There isn't a free market where farmers themselves could get higher prices and then pay adult labour -- instead of a huge chunk of the male work force going abroad to work as labor migrants in Russia and other nearby countries. People either pay others to work for them in this mandated work program.
The human rights groups also have tended to pull their punches regarding the real way to get Uzbekistan to focus on this: relentless pressure through the International Labour Organisation.
Part of the problem is that Soros, the main human rights funder, and the major US and European groups like Human Rights Watch or Amnesty International tend to be run by elites who in fact don't take up labour rights as a central part of their program, or even with much enthusiasm. And the groups that are labour unions or labour organizers are preoccupied with the US or all the way on the hard left with Occupy like SEUI.
While there has been some advocacy around Uzbekistan at the ILO, when the Uzbeks snowed everybody this year by pretending to go along half-way with some of the ILO demands, and allowed some sort of partial arrangement for a partial inspection, there were just too many groups, mainly funded and guided by the Soros Foundations (where I used to work on this cotton campaign) who were willing to compromise and who felt they had to praise some progress or look too hard-line.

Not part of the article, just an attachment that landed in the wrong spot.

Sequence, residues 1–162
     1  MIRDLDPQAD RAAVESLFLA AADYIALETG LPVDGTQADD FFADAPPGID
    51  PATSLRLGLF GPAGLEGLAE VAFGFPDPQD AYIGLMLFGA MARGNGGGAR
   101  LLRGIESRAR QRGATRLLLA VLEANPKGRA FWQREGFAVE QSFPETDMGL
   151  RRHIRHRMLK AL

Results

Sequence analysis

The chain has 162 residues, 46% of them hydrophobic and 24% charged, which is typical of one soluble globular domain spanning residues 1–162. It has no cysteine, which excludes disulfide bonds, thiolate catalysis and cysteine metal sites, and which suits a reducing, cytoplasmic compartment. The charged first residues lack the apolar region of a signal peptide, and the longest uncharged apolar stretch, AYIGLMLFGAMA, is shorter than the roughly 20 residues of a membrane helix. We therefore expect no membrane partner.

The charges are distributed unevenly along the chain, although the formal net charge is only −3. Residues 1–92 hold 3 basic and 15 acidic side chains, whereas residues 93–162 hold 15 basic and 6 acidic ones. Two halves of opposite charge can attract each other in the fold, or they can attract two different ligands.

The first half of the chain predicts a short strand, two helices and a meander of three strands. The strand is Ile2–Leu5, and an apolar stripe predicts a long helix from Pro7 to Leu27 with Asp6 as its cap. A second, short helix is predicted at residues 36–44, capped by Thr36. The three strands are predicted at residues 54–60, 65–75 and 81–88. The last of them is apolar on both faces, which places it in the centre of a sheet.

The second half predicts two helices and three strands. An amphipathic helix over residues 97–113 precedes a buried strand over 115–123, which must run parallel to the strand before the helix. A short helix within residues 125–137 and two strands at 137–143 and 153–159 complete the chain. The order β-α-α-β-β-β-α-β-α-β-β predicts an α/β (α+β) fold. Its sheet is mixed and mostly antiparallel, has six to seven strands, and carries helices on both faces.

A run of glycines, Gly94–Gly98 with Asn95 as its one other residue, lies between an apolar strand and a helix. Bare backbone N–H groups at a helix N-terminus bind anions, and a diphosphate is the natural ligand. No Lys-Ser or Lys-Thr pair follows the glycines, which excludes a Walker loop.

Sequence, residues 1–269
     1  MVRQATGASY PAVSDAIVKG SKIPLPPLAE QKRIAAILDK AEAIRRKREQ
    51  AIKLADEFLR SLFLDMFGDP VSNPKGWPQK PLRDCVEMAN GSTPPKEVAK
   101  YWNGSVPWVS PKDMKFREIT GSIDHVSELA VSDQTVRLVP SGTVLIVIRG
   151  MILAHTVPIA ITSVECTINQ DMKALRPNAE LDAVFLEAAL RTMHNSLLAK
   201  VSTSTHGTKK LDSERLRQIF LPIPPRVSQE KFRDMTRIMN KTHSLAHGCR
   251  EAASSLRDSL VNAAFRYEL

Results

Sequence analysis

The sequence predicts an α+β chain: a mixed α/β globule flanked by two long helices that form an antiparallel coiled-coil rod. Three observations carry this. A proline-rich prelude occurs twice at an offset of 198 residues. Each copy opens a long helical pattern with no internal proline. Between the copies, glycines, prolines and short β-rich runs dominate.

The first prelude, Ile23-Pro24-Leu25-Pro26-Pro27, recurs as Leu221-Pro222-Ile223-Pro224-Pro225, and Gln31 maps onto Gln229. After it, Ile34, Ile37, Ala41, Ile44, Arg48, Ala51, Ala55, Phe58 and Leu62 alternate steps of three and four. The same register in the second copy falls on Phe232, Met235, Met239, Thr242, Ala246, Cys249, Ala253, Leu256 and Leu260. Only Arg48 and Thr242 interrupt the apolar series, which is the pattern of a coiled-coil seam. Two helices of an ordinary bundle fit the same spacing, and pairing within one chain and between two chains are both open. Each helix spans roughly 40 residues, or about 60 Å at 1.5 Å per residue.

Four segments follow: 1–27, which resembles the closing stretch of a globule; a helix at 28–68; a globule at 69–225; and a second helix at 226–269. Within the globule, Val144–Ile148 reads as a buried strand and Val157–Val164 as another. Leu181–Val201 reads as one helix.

It would have been better to reject this compromise and keep applying relentless pressure until the full demands were met and full recognition of the problem was made.
I can't rule out that this weak response from the NGOs is a function of too much proximity by too many to the Obama Administration which has repeatedly waived any sanctions against Uzbekistan under US law regarding forced labor and trafficking because it desperately needs Tashkent to get goods and equipment out of Afghanistan in the reverse traffic of the Northern Distribution Network. So US officials tell NGOs they'd be more effective if they didn't push too hard and worked for incremental change quietly instead.
But having this compromised half-way house inspection makes no sense to me as it is merely an avenue for manipulation -- like the "monitoring" of the harvest by UNICEF in secret that only enabled the regime to keep the system instant. No, only hard, relentless pressure and maximum publicity can work with this type of Soviet-style regime.
All that will happen is that the Uzbek regime will get to take a star turn as "cooperating" with the "international community" and pretend it is making progress instead of cynically manipulating international groups and screwing over its people.